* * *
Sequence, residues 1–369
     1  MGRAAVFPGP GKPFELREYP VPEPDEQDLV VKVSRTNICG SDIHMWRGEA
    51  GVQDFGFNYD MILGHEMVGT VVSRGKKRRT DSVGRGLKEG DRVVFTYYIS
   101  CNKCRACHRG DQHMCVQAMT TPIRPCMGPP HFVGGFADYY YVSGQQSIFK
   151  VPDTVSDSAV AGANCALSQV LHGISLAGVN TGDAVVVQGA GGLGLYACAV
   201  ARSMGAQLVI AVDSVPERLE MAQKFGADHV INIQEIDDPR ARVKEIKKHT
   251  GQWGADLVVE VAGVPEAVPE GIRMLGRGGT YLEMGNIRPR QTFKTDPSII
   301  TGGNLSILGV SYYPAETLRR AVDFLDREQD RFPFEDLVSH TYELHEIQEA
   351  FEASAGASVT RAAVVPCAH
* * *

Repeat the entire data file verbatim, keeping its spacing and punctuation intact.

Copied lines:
Sequence, residues 1–369
     1  MGRAAVFPGP GKPFELREYP VPEPDEQDLV VKVSRTNICG SDIHMWRGEA
    51  GVQDFGFNYD MILGHEMVGT VVSRGKKRRT DSVGRGLKEG DRVVFTYYIS
   101  CNKCRACHRG DQHMCVQAMT TPIRPCMGPP HFVGGFADYY YVSGQQSIFK
   151  VPDTVSDSAV AGANCALSQV LHGISLAGVN TGDAVVVQGA GGLGLYACAV
   201  ARSMGAQLVI AVDSVPERLE MAQKFGADHV INIQEIDDPR ARVKEIKKHT
   251  GQWGADLVVE VAGVPEAVPE GIRMLGRGGT YLEMGNIRPR QTFKTDPSII
   301  TGGNLSILGV SYYPAETLRR AVDFLDREQD RFPFEDLVSH TYELHEIQEA
   351  FEASAGASVT RAAVVPCAH